Beam Me Up: The Year in Review 2021
Writing my annual year in review article used to be amusing, if not actually fun, because there was at least some entertainment value in seeing the wild claims and fantastical speculations that passed for history and science. But each year has been a little darker than the one before, and the job is less an exercise in tut-tutting foolishness than it is a depressing reminder that wealthy and powerful people are pushing conspiracies whose real-life consequences are no longer hypothetical but manifest every day in ways large and small, from the halls of Congress to hospital ICUs.
In a recent podcast interview, former television personality Scott Wolter made a bizarre assertion about prehistoric space aliens, a part of his ongoing conversion to full ancient astronaut theorist. Wolter discussed the documents he has asserted to be medieval records from the Knights Templar for the past several years, and in “new” Templar documents conveniently mirroring his own conversion to ancient alien enthusiast, he claims to have discovered evidence that space aliens intervened in human history.
I have a new piece out in The New Republic about the National Defense Authorization Act and its new UFO office.
Six months after the Office of the Director of National Intelligence, or ODNI, delivered a report to Congress that failed to explain more than 140 reports of unidentified flying objects—mostly because no one in government tried all that hard to explain them—Congress is set to approve legislation to create a new office within the Pentagon tasked with investigating military UFO sightings. The new office will gather reports of sightings, analyze them, and deliver reports to Congress on the subject at intervals. At least that’s the aspect of this decision on which the legislators who pushed for the new office want the public to focus. Underneath the surface, Congress is about to require the Pentagon to get weird. Very weird. Like, imaginary crashed-saucer wreckage weird.
Read the full story in The New Republic.
It was a big week for Mormon news. The owner of Skinwalker Ranch, Brandon Fugal, discussed how his Mormon faith in infinite populated worlds helps to shape his investigation of Skinwalker Ranch, which culminated in his assertion that the ranch is inhabited by a noncorporeal “precognitive” intelligence that adapts its supernatural manifestations to the subconscious “intentions” of each visitor. “It can anticipate and even be aware of your thoughts and consciousness and react according to your intention that you bring to the property,” Fugal told Salt Lake Magazine. That sounds a lot like people are seeing what they want to see and are experiencing their own expectations reflected back at them through the mirror of their own minds. In other words, there is no interdimensional intelligence, just people scaring themselves with their own fantasies.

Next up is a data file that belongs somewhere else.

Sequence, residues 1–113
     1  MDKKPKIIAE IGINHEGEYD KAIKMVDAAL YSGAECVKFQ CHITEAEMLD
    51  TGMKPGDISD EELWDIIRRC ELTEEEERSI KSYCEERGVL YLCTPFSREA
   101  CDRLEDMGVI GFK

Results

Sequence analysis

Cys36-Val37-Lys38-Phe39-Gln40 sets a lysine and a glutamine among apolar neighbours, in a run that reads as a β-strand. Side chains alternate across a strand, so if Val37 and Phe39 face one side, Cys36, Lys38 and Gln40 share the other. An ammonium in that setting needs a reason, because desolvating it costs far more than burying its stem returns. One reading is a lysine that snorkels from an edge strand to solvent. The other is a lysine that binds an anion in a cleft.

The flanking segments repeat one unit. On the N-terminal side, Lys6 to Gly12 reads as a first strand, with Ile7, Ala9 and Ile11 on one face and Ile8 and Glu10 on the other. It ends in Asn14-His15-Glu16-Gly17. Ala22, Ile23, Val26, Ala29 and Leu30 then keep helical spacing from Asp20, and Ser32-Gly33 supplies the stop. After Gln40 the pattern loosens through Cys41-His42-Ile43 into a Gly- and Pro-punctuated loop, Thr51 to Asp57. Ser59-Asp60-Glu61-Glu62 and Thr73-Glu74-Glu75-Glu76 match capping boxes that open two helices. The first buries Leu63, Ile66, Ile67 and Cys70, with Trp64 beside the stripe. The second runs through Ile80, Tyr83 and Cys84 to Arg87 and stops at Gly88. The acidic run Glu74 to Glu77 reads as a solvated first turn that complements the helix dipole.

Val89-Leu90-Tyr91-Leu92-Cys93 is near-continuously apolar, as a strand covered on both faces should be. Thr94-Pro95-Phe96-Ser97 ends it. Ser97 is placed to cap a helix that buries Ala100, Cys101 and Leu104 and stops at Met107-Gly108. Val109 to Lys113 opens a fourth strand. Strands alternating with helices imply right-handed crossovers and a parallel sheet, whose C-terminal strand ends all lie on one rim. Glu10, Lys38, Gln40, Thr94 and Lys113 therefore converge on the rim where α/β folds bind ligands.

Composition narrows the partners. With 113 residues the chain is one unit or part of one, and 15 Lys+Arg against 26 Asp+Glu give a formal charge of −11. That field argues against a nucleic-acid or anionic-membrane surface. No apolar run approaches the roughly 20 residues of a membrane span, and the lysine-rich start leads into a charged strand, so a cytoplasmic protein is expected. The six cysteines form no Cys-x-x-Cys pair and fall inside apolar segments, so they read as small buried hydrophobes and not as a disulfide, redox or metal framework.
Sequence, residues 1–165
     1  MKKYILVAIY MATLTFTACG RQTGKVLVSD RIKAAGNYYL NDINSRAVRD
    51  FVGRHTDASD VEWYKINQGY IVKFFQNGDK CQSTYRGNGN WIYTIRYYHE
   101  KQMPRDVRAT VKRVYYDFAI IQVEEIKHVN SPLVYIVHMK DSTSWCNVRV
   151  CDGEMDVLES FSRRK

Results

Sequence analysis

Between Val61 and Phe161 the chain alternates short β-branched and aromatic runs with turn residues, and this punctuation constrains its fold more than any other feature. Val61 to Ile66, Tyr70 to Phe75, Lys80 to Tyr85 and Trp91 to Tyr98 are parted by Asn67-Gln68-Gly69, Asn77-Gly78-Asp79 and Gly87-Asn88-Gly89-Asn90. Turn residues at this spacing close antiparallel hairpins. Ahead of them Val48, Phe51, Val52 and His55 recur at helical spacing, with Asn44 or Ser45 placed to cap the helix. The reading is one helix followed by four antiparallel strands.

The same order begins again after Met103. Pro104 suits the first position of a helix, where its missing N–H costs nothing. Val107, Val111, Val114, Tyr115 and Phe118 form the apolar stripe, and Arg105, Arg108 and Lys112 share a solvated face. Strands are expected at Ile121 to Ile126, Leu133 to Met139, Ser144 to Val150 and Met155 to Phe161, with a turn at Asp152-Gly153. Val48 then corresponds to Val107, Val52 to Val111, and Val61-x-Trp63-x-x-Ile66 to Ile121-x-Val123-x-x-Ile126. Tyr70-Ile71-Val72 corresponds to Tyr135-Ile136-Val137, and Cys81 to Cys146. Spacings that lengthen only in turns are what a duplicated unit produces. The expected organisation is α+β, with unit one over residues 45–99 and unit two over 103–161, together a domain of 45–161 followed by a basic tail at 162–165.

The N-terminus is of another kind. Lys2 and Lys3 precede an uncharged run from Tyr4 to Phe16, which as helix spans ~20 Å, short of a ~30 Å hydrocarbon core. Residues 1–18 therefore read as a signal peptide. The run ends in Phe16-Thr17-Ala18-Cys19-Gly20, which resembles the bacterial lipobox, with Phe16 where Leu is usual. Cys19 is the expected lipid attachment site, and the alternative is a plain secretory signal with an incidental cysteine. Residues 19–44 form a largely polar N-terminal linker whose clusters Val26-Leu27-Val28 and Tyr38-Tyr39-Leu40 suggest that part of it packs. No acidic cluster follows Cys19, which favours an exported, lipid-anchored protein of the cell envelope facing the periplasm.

Sometime in the next few days, the Senate will pass the version of the National Defense Authorization Act which passed the House this week. Section 1638 of the new legislation will require the establishment of a program to research UFOs, including some bizarre provisions taken straight from the fever swamps of cable TV UFO shows. The legislation, a slightly watered-down version of an amendment Sen. Kirsten Gillibrand proposed this fall, represents a triumph for ex-government UFO research advocates and infotainers Chris Mellon and Luis Elizondo, whose lobbying efforts and UFO wish list were incorporated almost completely, and sometimes nearly verbatim, into the law.
I am an author and researcher focusing on pop culture, science, and history. Bylines: New Republic, Esquire, Slate, etc. There's more about me in the About Jason tab.
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